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Solving the integral $\int_{0}^{\infty} \frac{\sin{x}}{x} \ dx = \frac{\pi}{2}$?

How to prove $\operatorname{si}(0) = -\pi/2$ without contour integration ? Where $\operatorname{si}(x)$ is the sine integral.


marked as duplicate by David E Speyer, Sasha, Fabian, William, Thomas Andrews Sep 7 '12 at 21:17

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    $\begingroup$ Isn't $\operatorname{Si}(0)=\int_0^0\frac{\sin x}{x}\ dx=0$? $\endgroup$ – axblount Sep 5 '12 at 18:55
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    $\begingroup$ Well if you're talking about $$\text{Si}(z):=\int_0^z\frac{\sin t}t\,dt,$$ then $\text{Si}(0)=0$. Did you mean something else, perhaps? $\endgroup$ – Cameron Buie Sep 5 '12 at 18:56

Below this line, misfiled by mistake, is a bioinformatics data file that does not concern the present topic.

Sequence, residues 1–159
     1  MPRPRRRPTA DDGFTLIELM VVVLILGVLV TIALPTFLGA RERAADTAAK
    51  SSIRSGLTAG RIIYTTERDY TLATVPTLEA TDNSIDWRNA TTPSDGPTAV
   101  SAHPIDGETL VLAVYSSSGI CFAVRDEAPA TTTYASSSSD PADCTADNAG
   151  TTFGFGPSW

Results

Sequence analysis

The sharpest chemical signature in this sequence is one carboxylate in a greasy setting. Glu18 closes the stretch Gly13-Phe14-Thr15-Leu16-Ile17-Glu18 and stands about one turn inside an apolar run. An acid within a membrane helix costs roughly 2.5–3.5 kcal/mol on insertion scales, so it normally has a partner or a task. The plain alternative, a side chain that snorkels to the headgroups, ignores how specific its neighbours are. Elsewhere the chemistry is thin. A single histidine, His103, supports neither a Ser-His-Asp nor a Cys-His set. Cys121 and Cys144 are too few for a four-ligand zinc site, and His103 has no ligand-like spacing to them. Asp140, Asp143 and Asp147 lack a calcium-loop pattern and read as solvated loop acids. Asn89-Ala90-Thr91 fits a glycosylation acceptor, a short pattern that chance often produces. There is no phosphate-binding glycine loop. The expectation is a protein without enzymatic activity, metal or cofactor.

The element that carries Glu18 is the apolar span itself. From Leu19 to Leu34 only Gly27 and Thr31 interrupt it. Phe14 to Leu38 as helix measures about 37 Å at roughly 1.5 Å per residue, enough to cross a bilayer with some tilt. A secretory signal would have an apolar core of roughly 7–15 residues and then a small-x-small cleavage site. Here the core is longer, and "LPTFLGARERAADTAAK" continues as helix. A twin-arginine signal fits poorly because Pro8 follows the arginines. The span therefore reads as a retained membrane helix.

• $\begingroup$ I think you mean $Si(\infty)$ or $-si(0)$. See en.wikipedia.org/wiki/Sine_integral#Sine_integral $\endgroup$ – Eric Angle Sep 5 '12 at 18:58


Note that our integral may be rewritten as $$\int_{0}^{\infty} \int_{0}^{\infty} e^{-xy} \sin x \ dy \ dx = \int_{0}^{\infty} \frac{\sin x}{x} \ dx$$ but integrating with respect to x we get that $$\int_{0}^{\infty} \int_{0}^{\infty} e^{-xy} \sin x \ dx \ dy = \int_{0}^{\infty} \frac{1}{1+y^2} \ dy$$ Hence I hope you can handle it on your own.


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